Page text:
Pacing Your Book So Time Will Fly

Does time really fly when you’re having fun? Well, it sure does when you’re reading a book with perfect pacing. When we feel like time is flying by (or dragging along), the seconds aren’t any longer or shorter than they ever are. Understanding why we perceive a change of pace depending on our circumstances can help writers manipulate the story to mimic these pacing tricks.

Anticipation, or goal motivation, tends to have an effect like acceleration. Philip Gable and Bryan Poole of the University of Alabama, psychological scientists, conducted tests that indicated subjects experienced time moving “faster” when they were shown pictures of things they wanted vs. neutral pictures. (Psychological

The book Good Omens is a prime example of this principle in action on the page. Within the first chapters, it’s established that every side of the story, every group of characters, are looking forward to Armageddon. Some want it to happen, others don’t, but it will come one way or the other and it has to be resolved then in one motion. This isn’t a passive goal, it’s an active one that yanks the reader through the various perspectives and events like a solidly hooked fish gets dragged upstream to the fisherman.

Stories drag for psychological reasons too. A classic theory on time and aging, presented by William James back in 1890, suggests time seems to be slower in youth and faster in the later years because there are fewer memorable events – fewer “firsts” in life. Subsequent studies have disproved the assumption that all people experience time faster in old age, but it has been reinforced that humans do tend to measure time by memorable events. (

This psychological attachment to “firsts” can be used to kick up and maintain a story’s pace. A prominent and consistent feature of adventure stories, as discussed in Writing Excuses’ episode on elemental adventure, is setting and staging. At each turn, characters are placed in new and exciting locations in which to play out their confrontations, escapes, and feats of strength. This effectively varies the material shown to the readers. They’re fed a constant stream of intriguing and memorable “firsts”. These feed into one another, providing milestones and markers along the way toward the established goals in the story.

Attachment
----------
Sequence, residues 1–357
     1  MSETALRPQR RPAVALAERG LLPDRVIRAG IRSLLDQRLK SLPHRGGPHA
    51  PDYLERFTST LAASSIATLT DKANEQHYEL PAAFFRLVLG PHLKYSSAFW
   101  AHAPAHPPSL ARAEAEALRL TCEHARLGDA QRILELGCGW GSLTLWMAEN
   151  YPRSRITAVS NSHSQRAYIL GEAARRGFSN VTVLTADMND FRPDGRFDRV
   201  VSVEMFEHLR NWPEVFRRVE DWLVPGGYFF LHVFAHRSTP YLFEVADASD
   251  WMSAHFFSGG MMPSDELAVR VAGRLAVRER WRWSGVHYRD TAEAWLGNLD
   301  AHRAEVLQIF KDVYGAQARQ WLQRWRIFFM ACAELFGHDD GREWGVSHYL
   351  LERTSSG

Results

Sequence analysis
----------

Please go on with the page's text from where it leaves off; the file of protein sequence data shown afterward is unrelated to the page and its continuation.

Sometimes we don’t actually want time to fly by. Consider how enamored audiences are with slow motion fight scenes. That swift right hook to the jaw wouldn’t be nearly so fun if we blinked and missed it. Slowing down crucial moments – no matter why they’re crucial – mimics the way the mind seems to experience powerful moments of life. For example, if you were dropped into a free fall. This was the experiment run by Vani Pariyadath and David Eagleman, used to test whether subjects actually experienced time more slowly during the sudden, terrifying drop. (National Center for Biotechnology Information)

Unfortunately for the scientists, dropping people from a great height did not actually slow time for them or accelerate their ability to read quick numbers. This left the question, “why do we sometimes feel like time slows down?” They actually already had an approach to this in “neural repetition suppression” (Frontiers In: Human Neuroscience). In simple terms, those moments that seem to slow down only seem slow because the rest of the time you’re so busy skimming over the common, repetitive input around you that it’s only in those moments that you slow down and take in more sensory detail.

All this nerding-out aside, if you want to slow down your scene (for all the feels, more sexual tension, or just rolling in the glory of a bad guy getting his comeuppance) work in details and novelty. The events that slow our mind are different, unusual, and often adrenaline-pumping. The details only magnify what the event should be and enhance the experience for full appreciation.

So, if your protagonist is breaking the antagonist’s nose, either make it a major character milestone or have them do it with creative flair! Then give enough delicious details to dig into so we can all happily replay it in our minds after we put down the book and go to work. With luck, someone will ask what we’re grinning about.


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